Exhibitions Chronicle History of Photography, Life During Civil War
An exhibition opening at Grinnell College's Faulconer Gallery tracks the evolution of photography from an emerging medium to one of the world's most prolific forms of expression.
Running Sept. 28 through Dec. 15, "Irresistible Images: Photographs from a Private Collection" features more than 200 photos from the dawn of photography in the 1840s through the early 20th century. Some of the prints are by the world's most famous photography pioneers — others are by completely unknown and anonymous individuals.
The exhibition is drawn from the collection of Nigel Maister, Russell and Ruth Peck Artistic Director of the University of Rochester International Theatre Program, who collaborated on the selection of the photographs in the exhibition with Daniel Strong, associate director and curator of exhibitions at the Faulconer Gallery.
"This exhibition chronicles photography's rise as a popular art form, a tool for self-expression and for documenting our world, and a lever for social change," Strong said.
In a time when billions of people carry a camera in their cell phones — and 95 million photos and videos are added to Instagram every day — the exhibition provides an opportunity to reflect on the universal nature of photography. It also serves as a reminder of the transition from print to digital photography and provokes thought about the implications of that shift.
"In 2018, more photos are taken every day than were taken in the first 100 years of the medium," Strong said. "But interestingly, most of those photos don't physically exist in the world. Many of them, if they're shared through services like Snapchat, even disappear after a few seconds. I hope this exhibition will inspire viewers to be more thoughtful about the images they take and share, and especially about how they preserve their images — to ensure that 100 years from now, the 21st century photographic record will be as rich, varied and accessible as that of the 19th and 20th centuries."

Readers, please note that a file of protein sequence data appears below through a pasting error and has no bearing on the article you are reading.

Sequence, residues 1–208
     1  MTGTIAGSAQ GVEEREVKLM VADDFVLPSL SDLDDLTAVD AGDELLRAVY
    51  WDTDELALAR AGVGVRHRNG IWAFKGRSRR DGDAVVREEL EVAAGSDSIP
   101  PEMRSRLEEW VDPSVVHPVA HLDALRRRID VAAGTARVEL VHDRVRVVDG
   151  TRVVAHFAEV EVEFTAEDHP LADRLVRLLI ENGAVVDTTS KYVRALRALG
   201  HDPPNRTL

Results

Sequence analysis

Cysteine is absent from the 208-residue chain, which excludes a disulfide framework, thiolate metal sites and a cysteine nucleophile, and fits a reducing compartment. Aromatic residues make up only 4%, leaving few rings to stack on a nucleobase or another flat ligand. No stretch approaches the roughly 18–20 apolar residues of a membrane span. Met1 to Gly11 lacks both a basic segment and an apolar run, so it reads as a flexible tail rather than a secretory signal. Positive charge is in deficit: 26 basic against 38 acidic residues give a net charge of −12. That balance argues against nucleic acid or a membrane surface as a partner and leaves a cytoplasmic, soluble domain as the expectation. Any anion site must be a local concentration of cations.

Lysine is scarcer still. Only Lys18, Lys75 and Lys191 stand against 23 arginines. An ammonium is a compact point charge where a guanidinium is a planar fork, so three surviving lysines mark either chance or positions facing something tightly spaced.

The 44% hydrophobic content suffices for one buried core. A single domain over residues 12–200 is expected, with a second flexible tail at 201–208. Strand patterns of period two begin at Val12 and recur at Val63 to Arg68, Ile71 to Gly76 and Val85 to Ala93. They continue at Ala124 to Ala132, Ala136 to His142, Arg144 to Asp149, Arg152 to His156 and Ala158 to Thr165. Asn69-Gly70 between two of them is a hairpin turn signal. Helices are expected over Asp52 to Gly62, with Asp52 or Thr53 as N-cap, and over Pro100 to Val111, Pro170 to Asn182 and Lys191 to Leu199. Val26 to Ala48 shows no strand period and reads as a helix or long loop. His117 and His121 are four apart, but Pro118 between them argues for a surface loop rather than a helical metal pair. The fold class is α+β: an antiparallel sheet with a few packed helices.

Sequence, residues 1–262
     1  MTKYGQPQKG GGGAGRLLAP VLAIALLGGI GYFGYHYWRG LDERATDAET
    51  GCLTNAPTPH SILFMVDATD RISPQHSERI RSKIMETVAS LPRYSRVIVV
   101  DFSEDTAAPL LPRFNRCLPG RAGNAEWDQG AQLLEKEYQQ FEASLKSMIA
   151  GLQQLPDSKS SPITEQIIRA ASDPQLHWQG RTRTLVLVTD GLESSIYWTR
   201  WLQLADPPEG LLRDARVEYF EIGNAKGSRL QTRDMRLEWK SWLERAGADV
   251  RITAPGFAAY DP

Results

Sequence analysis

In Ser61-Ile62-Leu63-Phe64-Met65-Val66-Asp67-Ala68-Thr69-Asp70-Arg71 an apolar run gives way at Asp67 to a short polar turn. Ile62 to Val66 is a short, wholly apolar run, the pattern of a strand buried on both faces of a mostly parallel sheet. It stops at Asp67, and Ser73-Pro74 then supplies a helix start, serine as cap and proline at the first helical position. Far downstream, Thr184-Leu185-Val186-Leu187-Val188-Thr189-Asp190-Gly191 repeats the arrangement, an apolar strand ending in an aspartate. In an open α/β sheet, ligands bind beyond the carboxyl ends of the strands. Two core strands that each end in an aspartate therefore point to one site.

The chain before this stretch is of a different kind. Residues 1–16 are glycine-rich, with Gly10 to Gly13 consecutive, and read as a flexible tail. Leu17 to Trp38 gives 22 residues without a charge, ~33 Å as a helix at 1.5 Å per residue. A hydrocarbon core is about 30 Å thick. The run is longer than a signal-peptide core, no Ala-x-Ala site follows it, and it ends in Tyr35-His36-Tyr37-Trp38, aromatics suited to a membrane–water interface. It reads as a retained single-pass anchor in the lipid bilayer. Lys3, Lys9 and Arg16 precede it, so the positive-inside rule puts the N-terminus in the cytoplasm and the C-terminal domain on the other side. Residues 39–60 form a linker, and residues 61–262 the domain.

A free public discussion of the exhibition is scheduled for 4 p.m. Tuesday, Nov. 6, in the Faulconer Gallery. Maister and Strong will be joined by Daile Kaplan, vice president and director of photographs and photobooks at Swann Auction Galleries, New York City's oldest auction house, where she's also an auctioneer. Kaplan frequently appears as a guest expert on "Antiques Roadshow" on PBS.
Also opening Sept. 28, "Watercolors of Corporal John Gaddis: Documenting the Civil War" features a series of 14 watercolor paintings by a Union army soldier in the 1860s. Gaddis captured daily life in army camps where he was stationed in Camp Randall, Wisconsin, and during military campaigns in Kansas, Mississippi and Tennessee.
A farmer in civilian life, Gaddis received no formal art training; he painted his works during his three years of service between 1861 and 1864. His regiment, the Twelfth Wisconsin Infantry, entered federal service at Camp Randall in November 1861. It participated in three of the most famous campaigns of the Civil War — the siege of Vicksburg, the capture of Atlanta and Sherman's March to the Sea.
The exhibition is on loan through Nov. 24 from the Wisconsin Veterans Museum based in Madison, Wisconsin. It is remarkable in part because it complements the relatively limited selection of photography that was captured during the war. Besides the watercolors in this exhibit, only two other works by Gaddis are known to exist — another Civil War drawing owned by a private collector and an oil portrait in the collection of the Wisconsin Historical Society.
Gallery Location and Hours
The Faulconer Gallery is located in Grinnell College’s Bucksbaum Center for the Arts, 1108 Park St., Grinnell. Gallery hours are 11 a.m. to 5 p.m. Monday through Saturday, closed on Sundays and major holidays.